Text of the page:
An introduction and practical guide to use of the Soil-Vegetation Inventory Method (SVIM) data

Rangeland Ecology and Management
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Abstract

Long-term vegetation dynamics across public rangelands in the western United States are not well understood because of the lack of large-scale, readily available historic datasets. The Bureau of Land Management’s Soil-Vegetation Inventory Method (SVIM) program was implemented between 1977 and 1983 across 14 western states, but the data have not been easily accessible. We introduce the SVIM vegetation cover dataset in a georeferenced, digital format; summarize how the data were collected; and discuss potential limitations and biases. We demonstrate how SVIM data can be compared with contemporary monitoring datasets to quantify changes in vegetation associated with wildfire and the abundance of exotic invasive species. Specifically, we compare SVIM vegetation cover data with cover data collected by BLM’s Assessment, Inventory, and Monitoring (AIM) program (2011–2016) in a focal area in the northern Great Basin. We address issues associated with analyzing and interpreting data from these distinct programs, including differences in survey methodsand potential biases introduced by spatial and temporal variation in sampling. We compared SVIM and AIM survey methods at 44 plots and found that percent cover estimates had high correspondence for all measured functional groups. Comparisons between historic SVIM data and recent AIM data documented significant declines in the occupancy and cover of native shrubs and native perennial forbs, and a significant increase in exotic annual forbs. Wildfire was a driver of change for some functional groups, with greater change occurring in AIM plots that burned between the two time periods compared with those that did not. Our results are consistent with previous studies showing that many native shrub-dominated plant communities in the Great Basin have been replaced by exotic annuals. Our study demonstrates that SVIM data will be an important resource for researchers interested in quantifying vegetation change through time across public rangelands in the western United States.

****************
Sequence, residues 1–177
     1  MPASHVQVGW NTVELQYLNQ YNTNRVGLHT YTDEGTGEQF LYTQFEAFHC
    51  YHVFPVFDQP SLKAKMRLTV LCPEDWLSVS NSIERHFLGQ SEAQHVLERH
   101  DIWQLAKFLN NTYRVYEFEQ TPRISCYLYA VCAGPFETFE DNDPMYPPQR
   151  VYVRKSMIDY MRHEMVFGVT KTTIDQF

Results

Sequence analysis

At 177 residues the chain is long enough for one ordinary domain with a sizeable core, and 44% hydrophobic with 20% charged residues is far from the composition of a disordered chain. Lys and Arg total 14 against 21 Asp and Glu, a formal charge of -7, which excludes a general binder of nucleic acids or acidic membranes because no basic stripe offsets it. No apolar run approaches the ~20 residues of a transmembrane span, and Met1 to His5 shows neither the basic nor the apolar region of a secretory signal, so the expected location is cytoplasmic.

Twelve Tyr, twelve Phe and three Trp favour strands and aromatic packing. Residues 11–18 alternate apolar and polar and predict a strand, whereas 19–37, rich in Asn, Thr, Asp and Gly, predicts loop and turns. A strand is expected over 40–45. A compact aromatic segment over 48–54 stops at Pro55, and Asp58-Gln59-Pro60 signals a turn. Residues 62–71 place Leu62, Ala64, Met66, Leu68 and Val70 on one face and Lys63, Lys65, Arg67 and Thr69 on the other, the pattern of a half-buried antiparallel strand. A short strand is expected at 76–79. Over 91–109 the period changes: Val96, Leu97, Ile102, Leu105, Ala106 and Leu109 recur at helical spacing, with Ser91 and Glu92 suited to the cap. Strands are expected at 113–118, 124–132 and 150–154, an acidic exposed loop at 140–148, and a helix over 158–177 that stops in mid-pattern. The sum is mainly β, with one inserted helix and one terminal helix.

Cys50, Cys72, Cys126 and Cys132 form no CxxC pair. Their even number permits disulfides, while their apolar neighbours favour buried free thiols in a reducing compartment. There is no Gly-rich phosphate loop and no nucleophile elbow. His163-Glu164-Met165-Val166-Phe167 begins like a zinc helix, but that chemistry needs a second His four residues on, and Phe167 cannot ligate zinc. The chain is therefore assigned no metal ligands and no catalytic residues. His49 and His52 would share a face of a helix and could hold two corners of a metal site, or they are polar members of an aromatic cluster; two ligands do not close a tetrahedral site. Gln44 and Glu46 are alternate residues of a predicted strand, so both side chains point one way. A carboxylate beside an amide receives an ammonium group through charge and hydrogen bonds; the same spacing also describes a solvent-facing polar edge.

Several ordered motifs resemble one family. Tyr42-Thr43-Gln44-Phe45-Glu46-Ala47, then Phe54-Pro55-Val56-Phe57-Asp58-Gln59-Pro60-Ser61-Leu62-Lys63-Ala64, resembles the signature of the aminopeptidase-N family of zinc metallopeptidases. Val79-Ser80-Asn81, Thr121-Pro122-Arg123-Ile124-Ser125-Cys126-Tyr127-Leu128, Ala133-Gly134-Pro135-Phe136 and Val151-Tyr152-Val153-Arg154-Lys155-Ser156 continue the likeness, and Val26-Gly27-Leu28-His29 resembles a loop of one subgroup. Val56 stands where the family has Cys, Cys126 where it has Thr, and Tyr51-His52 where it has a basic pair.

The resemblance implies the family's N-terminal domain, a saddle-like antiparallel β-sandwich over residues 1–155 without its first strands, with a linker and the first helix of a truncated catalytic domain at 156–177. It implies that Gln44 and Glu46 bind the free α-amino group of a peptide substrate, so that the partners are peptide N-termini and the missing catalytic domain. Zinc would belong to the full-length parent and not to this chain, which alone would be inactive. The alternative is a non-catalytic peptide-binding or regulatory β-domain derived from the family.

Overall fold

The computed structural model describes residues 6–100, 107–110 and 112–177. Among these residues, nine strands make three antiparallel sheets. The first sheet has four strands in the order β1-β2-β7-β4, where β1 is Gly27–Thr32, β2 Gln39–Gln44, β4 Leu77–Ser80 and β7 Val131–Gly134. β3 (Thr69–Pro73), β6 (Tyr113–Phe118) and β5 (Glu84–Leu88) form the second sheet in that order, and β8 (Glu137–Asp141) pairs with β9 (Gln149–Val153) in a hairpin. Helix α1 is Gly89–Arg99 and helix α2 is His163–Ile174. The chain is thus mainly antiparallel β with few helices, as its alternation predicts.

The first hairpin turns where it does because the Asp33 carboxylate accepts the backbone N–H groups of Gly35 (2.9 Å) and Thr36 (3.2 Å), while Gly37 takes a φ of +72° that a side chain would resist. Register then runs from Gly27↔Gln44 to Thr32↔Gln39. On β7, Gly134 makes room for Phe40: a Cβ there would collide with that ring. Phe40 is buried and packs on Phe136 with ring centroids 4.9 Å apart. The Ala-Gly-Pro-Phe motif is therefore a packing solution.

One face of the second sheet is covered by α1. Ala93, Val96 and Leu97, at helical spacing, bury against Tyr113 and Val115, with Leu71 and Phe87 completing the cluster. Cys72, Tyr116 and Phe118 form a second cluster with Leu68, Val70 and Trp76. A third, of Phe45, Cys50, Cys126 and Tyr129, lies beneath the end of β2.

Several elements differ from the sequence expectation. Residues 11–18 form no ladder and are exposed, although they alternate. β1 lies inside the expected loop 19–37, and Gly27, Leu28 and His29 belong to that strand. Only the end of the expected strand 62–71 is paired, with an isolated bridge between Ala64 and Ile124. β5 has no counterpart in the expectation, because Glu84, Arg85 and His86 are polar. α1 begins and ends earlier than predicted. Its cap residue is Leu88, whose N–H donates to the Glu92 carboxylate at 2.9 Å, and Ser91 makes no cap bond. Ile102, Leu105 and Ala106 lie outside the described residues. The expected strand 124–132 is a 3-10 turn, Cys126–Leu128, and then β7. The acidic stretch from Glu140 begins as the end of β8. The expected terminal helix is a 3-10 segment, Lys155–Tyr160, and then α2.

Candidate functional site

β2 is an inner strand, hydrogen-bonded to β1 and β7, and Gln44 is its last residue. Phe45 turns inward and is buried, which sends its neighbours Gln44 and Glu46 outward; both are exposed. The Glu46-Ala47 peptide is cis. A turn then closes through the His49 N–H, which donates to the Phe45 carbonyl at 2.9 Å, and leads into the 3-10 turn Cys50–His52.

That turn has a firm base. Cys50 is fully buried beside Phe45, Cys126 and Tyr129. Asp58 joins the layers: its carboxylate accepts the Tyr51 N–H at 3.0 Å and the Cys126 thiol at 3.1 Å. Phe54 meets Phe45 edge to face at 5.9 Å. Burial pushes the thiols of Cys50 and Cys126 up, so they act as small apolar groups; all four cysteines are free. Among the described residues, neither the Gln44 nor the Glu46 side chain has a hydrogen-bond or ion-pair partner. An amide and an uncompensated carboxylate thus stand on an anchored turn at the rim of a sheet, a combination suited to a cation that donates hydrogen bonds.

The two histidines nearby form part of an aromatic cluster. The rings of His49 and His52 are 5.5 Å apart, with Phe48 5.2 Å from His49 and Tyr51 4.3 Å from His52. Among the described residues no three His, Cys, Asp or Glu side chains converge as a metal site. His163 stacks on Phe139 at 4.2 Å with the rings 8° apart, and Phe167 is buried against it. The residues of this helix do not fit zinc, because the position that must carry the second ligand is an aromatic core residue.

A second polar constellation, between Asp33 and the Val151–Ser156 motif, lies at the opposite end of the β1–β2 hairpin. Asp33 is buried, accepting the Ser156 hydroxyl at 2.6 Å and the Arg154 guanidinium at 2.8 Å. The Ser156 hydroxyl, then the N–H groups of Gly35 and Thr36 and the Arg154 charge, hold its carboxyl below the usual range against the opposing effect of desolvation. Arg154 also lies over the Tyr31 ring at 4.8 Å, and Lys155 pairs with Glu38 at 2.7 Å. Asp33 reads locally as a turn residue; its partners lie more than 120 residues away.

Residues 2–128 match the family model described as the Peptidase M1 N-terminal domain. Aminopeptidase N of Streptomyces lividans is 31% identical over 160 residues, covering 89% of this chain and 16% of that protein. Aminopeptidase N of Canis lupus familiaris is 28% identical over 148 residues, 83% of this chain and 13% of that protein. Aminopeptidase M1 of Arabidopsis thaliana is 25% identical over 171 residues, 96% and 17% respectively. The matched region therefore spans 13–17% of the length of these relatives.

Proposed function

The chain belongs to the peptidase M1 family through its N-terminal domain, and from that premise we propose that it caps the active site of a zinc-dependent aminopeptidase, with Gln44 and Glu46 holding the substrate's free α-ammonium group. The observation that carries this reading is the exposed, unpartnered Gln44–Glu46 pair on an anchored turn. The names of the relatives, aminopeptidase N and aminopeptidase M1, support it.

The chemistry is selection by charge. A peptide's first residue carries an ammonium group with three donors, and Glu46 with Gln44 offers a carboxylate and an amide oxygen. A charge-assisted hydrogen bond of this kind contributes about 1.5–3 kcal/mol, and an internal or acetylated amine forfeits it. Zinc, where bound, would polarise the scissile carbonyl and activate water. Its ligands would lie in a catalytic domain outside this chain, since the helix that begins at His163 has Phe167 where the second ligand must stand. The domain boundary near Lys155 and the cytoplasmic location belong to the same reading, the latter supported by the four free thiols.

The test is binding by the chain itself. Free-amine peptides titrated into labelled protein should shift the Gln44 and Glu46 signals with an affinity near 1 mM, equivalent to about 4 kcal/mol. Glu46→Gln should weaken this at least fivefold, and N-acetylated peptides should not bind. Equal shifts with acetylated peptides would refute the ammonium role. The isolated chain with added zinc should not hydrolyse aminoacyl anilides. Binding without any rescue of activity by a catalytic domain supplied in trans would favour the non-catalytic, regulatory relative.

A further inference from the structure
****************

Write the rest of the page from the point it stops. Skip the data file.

Additional publication details

Publication type Article
Publication Subtype Journal Article
Title An introduction and practical guide to use of the Soil-Vegetation Inventory Method (SVIM) data
Series title Rangeland Ecology and Management
DOI 10.1016/j.rama.2018.06.003
Edition Online First
Year Published 2018
Language English
Publisher Elsevier
Contributing office(s) Forest and Rangeland Ecosystem Science Center